With Parliament's repeal of most of the Townshend duties, and as the shock of the Boston Massacre eased, an uneasy peace existed for two years. But in 1772 two policy moves by Britain spurred virulent protest in the colonies. First, Britain removed the colonies' authority to pay the salaries of the royal governors, judges, and other officials, thereby obliterating the most potent tool the colonies held to influence royal officials—the "power of the purse." Second, Britain threatened to send Americans accused of destroying a British ship to England for trial, thereby holding hostage a long-cherished right of Englishmen —the right to trial by a jury of one's peers. The cycle of action and reaction was rekindled, to ignite explosively in 1773 with a seemingly innocuous tax on tea. "Why, we may ask, did this convulsive reaction occur," posits historian Robert Middlekauff, "destroying private property, provoking a fresh defiance of Parliament, and once more pulling American colonies together?"1 We pursue this question with readings that illustrate the colonists' renewed sense of crisis, vulnerability, and rebellion from 1772 to early 1774.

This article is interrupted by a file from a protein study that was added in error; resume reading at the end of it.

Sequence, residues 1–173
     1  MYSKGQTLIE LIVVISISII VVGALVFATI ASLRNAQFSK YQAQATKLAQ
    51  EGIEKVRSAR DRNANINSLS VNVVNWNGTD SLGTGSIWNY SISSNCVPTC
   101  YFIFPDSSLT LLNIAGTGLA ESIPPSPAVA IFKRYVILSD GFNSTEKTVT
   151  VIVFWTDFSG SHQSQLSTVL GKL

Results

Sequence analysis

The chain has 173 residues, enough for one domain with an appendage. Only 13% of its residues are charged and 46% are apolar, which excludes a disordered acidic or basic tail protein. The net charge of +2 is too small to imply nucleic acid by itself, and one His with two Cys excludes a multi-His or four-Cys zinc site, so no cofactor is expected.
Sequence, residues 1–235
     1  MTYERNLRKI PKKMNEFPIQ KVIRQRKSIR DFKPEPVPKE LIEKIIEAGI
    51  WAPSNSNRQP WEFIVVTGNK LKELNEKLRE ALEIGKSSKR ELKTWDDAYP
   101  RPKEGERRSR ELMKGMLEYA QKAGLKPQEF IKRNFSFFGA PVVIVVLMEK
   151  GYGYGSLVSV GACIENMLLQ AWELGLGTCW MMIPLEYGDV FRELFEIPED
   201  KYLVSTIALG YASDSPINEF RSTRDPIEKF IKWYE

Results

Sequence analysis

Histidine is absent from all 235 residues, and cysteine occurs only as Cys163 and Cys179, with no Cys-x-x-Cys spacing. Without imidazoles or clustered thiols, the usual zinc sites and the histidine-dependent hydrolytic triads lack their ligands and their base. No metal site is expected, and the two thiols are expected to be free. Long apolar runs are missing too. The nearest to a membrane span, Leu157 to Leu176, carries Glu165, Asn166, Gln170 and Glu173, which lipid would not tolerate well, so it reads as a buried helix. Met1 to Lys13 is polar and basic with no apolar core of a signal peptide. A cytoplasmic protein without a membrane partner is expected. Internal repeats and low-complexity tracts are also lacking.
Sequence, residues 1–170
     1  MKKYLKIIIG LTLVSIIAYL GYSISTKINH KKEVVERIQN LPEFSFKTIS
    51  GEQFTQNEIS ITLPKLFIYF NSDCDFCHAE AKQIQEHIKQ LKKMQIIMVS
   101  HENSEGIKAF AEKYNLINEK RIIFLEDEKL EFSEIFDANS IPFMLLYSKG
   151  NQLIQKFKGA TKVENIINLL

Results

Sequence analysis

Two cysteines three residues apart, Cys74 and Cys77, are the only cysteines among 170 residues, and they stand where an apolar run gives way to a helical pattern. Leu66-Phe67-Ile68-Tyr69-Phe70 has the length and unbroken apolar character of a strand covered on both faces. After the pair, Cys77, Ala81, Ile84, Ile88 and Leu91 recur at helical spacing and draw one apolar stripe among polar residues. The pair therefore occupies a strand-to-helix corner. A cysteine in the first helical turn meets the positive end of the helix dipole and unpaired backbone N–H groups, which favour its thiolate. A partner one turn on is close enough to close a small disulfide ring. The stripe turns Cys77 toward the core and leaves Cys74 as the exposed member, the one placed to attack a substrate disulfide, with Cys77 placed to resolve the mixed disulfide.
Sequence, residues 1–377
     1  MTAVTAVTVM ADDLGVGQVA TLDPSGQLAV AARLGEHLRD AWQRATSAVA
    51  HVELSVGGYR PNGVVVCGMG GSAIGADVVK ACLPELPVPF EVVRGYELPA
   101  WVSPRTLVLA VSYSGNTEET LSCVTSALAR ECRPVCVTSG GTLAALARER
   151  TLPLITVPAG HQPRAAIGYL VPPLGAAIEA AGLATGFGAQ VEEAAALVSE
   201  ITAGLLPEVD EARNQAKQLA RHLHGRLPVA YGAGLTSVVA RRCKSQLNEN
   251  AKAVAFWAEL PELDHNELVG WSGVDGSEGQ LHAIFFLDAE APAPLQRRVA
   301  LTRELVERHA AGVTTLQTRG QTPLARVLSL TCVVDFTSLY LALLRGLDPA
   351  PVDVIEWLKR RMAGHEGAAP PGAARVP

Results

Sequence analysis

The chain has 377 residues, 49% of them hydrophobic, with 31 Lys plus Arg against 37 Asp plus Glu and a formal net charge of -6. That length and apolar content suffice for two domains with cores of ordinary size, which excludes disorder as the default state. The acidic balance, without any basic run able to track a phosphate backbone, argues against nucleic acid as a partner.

Boston Committee of Correspondence, the "Boston Pamphlet," 1772, selections. In late 1772, alarmed by Britain's decision to remove colonial assemblies' authority to pay the salaries of governors and judges—thus removing any influence they might wield over royal officials—and also alarmed by the waning of anti-British fury since 1770, a group of Boston citizens revived the "committee of correspondence" as a mode for unifying Americans and recharging the fervor of resistance. Led by Samuel Adams, considered the most fiery and provocative of the revolutionary leaders, the committee formulated a three-part document in November 1772 soon known as the "Boston Pamphlet," which was widely distributed throughout the colony. The document (1) asserts the colonists' rights as men under natural law, as Christians under God's law in the New Testament, and as British subjects under the British constitution; (2) lists twelve violations of those rights by Britain; and (3) invites response from other Massachusetts towns. Soon over one hundred new town "committees of correspondence" had been formed in Massachusetts and, later, many more throughout the colonies. Compare parts one and two, "The Rights of the Colonists" and "A List of Infringements & Violations of Rights," with similar compilations by the First and Second Continental Congress (1774 & 1775), the Declaration of Independence (1776), and the Bill of Rights added to the U.S. Constitution in 1791. From these lists, what are the core issues that revolutionary leaders encouraged all Americans to endorse? (9 pp.)